Policy Manager, Government Relations
Senior Advocacy Manager
By: Tim Gehring and Erica Boonstra
Last week, UNICEF released a staggering report on violence against children. The report, Hidden in Plain Sight, reveals that violence is as much a part of poverty as hunger, illness, or lack of access to education, but it is much harder to see. Its publication is timely, as the UN General Assembly convenes in New York City later this month to mark one year until the 2015 Sustainable Development Goals are announced. These goals will set a new global agenda for governments, development agencies and NGOs to address poverty and promote sustainable development.
Violence against women and children, particularly girls, in conflict or disaster areas is well-documented; however, what is less obvious is the violence that children in the developing world are subjected to on a daily basis.
The report exposes the relentlessness of violence against children with stunning statistics: 1 in 10 girls worldwide have been forced into a sexual act, most of whom were under the age of 15; millions of images online depict the sexual abuse of children. Perhaps the most startling revelation of the report, however, is that the majority of violence against children happens in normal, everyday environments. Places where we assume that children should be safe—in the home or at school—and often perpetrated by a caregiver, a teacher or someone else known to the child.
According to UNICEF’s report, “experiences of sexual violence in childhood hinder all aspects of development: physical, psychological and social.” This relentless violence destroys individual lives—and, on a larger scale, undermines the success of some of the original Millennium Development Goals. Sexual violence against children spreads HIV/AIDS, perpetuates poor maternal health and exacerbates other health-related issues the Millennium Development Goals sought to address. Likewise, when girls are sexually assaulted at or on their way to school, they stop going—a serious detriment to universal girls’ education.
When the United Nations developed its eight Millennium Development Goals in 2000, it put forward a global development agenda that would tackle issues like poverty, education, and health. But, missing from that agenda was addressing this epidemic of everyday violence. These goals are currently being evaluated, and a new development agenda—the post-2015 Sustainable Development Goals—will be released at next year’s UN General Assembly.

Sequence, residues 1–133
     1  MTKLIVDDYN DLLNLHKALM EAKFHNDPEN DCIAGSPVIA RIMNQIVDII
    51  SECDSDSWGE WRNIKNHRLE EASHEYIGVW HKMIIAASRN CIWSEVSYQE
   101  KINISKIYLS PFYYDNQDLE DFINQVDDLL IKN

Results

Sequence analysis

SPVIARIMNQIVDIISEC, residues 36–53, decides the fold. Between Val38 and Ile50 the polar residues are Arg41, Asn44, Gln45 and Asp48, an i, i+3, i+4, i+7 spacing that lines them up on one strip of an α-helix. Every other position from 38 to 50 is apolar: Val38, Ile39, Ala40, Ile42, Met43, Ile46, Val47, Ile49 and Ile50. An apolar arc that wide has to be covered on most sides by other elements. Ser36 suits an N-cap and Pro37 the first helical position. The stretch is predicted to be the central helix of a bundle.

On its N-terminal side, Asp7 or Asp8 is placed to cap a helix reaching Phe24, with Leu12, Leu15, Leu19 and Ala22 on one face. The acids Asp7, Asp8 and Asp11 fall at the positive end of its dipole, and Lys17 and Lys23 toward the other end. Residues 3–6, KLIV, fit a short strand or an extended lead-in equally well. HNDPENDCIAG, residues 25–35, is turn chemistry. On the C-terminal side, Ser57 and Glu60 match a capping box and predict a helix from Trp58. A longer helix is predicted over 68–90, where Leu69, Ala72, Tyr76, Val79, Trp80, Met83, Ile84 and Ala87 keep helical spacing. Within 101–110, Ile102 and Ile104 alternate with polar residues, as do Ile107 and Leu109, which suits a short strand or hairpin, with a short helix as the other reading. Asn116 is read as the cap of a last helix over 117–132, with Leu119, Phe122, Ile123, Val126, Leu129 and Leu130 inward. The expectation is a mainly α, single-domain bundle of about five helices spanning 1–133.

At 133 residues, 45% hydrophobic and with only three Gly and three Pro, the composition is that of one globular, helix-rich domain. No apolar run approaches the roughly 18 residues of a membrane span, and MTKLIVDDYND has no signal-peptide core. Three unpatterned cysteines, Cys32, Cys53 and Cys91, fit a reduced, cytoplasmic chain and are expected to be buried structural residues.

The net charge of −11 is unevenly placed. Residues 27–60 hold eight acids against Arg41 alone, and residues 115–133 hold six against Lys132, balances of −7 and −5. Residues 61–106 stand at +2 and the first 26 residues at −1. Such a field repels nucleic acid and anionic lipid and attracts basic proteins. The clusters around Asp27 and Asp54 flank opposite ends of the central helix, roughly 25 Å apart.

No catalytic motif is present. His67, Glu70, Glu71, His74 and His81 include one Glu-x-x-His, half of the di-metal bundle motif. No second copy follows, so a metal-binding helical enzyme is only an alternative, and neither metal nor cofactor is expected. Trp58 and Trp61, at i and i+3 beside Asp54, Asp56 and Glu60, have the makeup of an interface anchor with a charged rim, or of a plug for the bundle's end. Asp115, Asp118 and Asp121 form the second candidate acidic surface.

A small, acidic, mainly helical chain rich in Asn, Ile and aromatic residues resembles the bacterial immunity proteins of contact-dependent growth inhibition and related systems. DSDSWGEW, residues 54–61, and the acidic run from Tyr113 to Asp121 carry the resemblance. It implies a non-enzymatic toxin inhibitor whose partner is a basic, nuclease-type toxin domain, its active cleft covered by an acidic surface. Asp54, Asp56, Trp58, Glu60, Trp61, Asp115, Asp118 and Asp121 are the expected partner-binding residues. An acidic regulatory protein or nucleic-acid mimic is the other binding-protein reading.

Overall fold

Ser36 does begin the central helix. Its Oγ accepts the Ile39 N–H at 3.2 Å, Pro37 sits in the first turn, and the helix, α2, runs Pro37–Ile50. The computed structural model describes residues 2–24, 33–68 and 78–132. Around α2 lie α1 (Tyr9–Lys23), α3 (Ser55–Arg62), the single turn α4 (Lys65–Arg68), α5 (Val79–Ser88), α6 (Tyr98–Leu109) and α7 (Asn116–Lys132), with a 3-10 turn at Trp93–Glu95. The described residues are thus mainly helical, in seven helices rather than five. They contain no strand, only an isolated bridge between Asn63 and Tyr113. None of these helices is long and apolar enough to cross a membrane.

There is a way to stop this everyday violence: by fixing the broken justice system that fails to protect those who need it most. When a child is sexually assaulted in the United States, we call the police. Children in the developing world do not deserve any less. History proves that corrupt and dysfunctional systems can be corrected, and IJM’s work in nearly 20 communities in the developing world shows how transformation is possible today.
When the UN General Assembly convenes later this month, protection from violence—particularly for children—must be on the agenda.
In the subsequent months, UN Member States will deliberate on issues that should be included in the post-2015 agenda. Let’s hope they take seriously what UNICEF’s report documents and IJM’s work corroborates—that violence is an epidemic that must be addressed.
International Justice Mission is the world’s largest international anti-slavery organization, working to end modern-day slavery, human trafficking and other forms of violence against the poor by rescuing and restoring victims, restraining perpetrators, and transforming broken public justice systems. Learn more at www.ijm.org.